OCA top 10 diverse, persistent

Odessa Collegiate Academy’s top 10 students are a diverse group who have all put in the effort to get where they are.

The valedictorian is Lizeth Rios and the salutatorian is Jasmine Porras.

Rios said she didn’t expect to be in the top spot.

“But I really do give thanks to everybody around me because I’m the result of everybody who supported me to get here because ultimately it’s thanks to them that I never gave up,” Rios said.

Rios, 18, is heading to Texas Tech University Honors College to study nursing.

She said being in the top 10 and valedictorian is not something she came in wanting.

“It’s just … something that happened and I stayed ranked No. 1 freshman year through senior year. I never dropped,” Rios said.

She added that she spent lots of nights staying up really late to do homework.

“My sleeping schedule is messed up,” Rios said.

But she feels like the effort was worth it.

“Because that’s how I’m getting college paid for,” Rios said.

Porras, who plans to attend University of Texas Permian Basin to study psychology, said it’s quite an honor to reach this milestone and that everyone has worked hard to maintain their grades.

This is something 18-year-old Porras has been working for since middle school, but she said she couldn’t believe she had made salutatorian.

“At first, I was very surprised to hear that I was salutatorian and this was my junior year. And so I wanted to keep that spot and I wanted to see if I could maintain being salutatorian, even throughout my senior year. I was very happy to say the least,” Porras added.

She said there wasn’t competition between her and the valedictorian as much as with No. 4 in the class, Lucas Williams, who was in the No. 2 spot at one point.

“… I wanted that second place, so I worked hard to get back up there,” Porras said.

Williams said he thought that was fun and he wasn’t mad about it.

“I was just happy to be in the top 10,” Williams said.

Arleen Sanchez, 18 and No. 3 in the class, said her status is a really big accomplishment. She’s going to study chemistry at UTPB and become a forensic science technician.

“Because no one in my immediate family has ever been either top 25, top 10. So the fact that I was No. 3, I felt really accomplished and I was able to make my parents really, really proud; even more proud than how they have been before,” Sanchez said.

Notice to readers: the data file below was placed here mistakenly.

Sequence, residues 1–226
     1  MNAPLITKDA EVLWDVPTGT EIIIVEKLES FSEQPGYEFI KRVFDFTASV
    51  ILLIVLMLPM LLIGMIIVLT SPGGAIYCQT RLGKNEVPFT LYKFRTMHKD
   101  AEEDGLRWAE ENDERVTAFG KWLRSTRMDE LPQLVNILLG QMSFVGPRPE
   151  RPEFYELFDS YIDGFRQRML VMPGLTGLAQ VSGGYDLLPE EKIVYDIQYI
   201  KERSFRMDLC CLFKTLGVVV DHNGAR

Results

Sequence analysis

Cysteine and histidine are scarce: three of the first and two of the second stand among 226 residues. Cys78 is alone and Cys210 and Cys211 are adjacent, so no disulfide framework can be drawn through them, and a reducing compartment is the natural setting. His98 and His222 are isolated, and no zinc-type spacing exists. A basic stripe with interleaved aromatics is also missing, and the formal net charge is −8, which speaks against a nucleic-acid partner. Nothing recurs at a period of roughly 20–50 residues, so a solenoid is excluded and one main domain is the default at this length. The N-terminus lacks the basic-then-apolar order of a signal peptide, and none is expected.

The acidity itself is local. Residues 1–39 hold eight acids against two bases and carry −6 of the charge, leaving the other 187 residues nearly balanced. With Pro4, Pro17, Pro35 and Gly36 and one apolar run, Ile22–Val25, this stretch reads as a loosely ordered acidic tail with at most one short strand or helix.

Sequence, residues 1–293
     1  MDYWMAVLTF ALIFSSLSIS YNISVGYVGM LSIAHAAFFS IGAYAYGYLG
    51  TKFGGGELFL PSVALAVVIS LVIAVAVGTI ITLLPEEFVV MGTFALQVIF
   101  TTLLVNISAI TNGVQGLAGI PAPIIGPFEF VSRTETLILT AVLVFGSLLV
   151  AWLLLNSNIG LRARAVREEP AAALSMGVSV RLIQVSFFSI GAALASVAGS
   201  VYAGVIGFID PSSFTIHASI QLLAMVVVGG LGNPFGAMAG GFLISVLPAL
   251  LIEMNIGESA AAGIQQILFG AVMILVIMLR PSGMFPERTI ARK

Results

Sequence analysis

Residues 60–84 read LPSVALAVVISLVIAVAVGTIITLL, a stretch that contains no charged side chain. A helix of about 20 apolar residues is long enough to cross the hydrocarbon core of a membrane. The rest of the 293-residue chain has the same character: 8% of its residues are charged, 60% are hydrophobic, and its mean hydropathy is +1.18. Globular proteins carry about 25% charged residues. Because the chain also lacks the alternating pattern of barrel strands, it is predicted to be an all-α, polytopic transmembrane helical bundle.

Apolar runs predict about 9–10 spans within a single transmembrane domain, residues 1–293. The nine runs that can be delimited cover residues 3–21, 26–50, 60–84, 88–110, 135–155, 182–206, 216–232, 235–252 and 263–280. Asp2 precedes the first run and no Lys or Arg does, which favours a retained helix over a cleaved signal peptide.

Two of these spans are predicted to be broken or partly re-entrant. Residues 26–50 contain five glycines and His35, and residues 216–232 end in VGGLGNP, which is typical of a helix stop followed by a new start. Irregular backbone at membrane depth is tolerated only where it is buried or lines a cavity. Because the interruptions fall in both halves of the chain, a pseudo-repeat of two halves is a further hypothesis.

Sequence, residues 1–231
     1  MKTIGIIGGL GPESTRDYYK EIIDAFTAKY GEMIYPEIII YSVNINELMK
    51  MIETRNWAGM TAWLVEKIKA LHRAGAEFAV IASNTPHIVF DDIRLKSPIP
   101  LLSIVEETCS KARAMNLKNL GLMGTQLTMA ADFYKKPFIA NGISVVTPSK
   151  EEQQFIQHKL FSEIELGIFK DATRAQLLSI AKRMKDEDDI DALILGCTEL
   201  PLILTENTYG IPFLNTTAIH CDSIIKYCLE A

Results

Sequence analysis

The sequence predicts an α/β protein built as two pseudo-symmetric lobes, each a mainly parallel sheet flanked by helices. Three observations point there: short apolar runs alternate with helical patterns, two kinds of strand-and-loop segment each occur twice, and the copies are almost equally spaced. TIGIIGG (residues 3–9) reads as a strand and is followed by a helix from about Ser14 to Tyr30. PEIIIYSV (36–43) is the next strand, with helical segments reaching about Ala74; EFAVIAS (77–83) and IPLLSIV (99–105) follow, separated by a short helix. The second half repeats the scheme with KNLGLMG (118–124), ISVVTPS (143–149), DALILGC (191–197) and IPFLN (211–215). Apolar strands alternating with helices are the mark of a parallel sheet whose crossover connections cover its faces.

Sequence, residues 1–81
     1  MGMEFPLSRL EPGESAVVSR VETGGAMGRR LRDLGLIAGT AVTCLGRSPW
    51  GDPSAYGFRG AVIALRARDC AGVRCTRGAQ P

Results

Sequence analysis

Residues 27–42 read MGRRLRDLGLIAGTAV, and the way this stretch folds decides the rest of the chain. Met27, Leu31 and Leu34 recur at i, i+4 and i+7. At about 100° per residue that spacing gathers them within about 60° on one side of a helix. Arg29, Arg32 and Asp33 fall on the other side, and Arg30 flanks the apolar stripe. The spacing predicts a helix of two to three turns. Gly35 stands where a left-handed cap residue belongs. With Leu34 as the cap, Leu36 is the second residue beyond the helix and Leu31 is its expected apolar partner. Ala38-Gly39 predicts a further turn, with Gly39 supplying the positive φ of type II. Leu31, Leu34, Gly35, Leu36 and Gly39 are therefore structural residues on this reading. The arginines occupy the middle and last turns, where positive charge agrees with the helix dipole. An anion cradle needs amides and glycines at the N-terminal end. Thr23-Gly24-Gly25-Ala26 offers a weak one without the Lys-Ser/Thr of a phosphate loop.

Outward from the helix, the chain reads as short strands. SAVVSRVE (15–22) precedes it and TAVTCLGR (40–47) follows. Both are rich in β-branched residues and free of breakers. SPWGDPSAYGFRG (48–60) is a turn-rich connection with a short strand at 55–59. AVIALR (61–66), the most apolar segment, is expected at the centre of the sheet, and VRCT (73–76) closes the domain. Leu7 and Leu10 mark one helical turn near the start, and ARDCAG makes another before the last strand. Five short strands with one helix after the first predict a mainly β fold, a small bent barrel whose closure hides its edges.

In middle school, she said she wasn’t really thinking about top ranks as much.

“But whenever freshman year came and I found out that I was No. 20 … I had that competitive spirit where I was like … I have to make my parents proud. I have to be in the top five at least,” Sanchez added.

Williams, 18, said it’s a great honor to be in the top 10. He’s going to Texas Tech to study mechanical engineering.

Williams said he wasn’t aiming for the top 10 necessarily.

“I just kind of went with the drift and ended up there,” he added.

Maryna Khan, 18, is going to UT Austin to be a biology pre-med student and also to be in the FRI, Freshman Research Initiative, which is part of the College of Natural Sciences. She plans to become a pediatrician.

“I’m originally from Ukraine and I’ve always been at the top of my class like number one, number two all the time. And then I moved here a couple of years ago and I was the worst student, almost. I didn’t know any English; like zero. I had to start all over, so I learned English as I was going to school in middle school. Then I went to Odessa Collegiate Academy. I still had like three years of English … I didn’t really like I didn’t know a lot of things, so I didn’t even know what top 10 was. My family has a lot of expectations for me because both of my parents are very educated; have master’s degree engineers … so tried to fulfill them. I worked like 10 times harder than, I would say, other people who knew English,” Khan said.

When she came to OCA, she said she was not top 10 at all.

“I only made to top 10 my senior year and I didn’t even expect to be number five, but I just worked my hardest. I stayed up all night. Sometimes I didn’t even eat. I was like, no, I had to do homework. It was so much effort I had to put in to just be here,” Khan added.

She said she speaks three languages fluently and can understand more.

Khan said she is still learning English, but it took her about a year before she could have conversations with people.

Khan said her grandmother and cousins are still in Ukraine, which has been difficult because of the war between Russia and Ukraine. Her parents and her brother and sister are here.

“It was really stressful, but I had to just keep pushing, keep pushing my way through it,” Khan said.

Her brother and sister are here.

Akram said as a freshman, he didn’t really care about his grades.

“I recall that last year, I was about 14 or 13 in rank. I used to be a 20 in rank. So I’d say the progression would be natural and that I slipped in because others got a lot more lazy, I’d say,” Akram said.

He has five sisters and one brother.

He would advise students who want to be in the top 10 to be consistent.

“… I wouldn’t recommend not caring in the initial years. I would say don’t do that. You have to be driven from the start …,” Akram said.

Principal James Ramage said these are a great bunch of students and “very much student leaders.”

“They’re heavily involved in school activities. The students very much see them as student leaders here at school. I have no doubt they’ll be successful as they transfer to universities and finish their bachelor degree there. I’m quite certain they’ll be leaders in their community as they turn into adults; just a really polished group of young men and ladies,” Ramage said.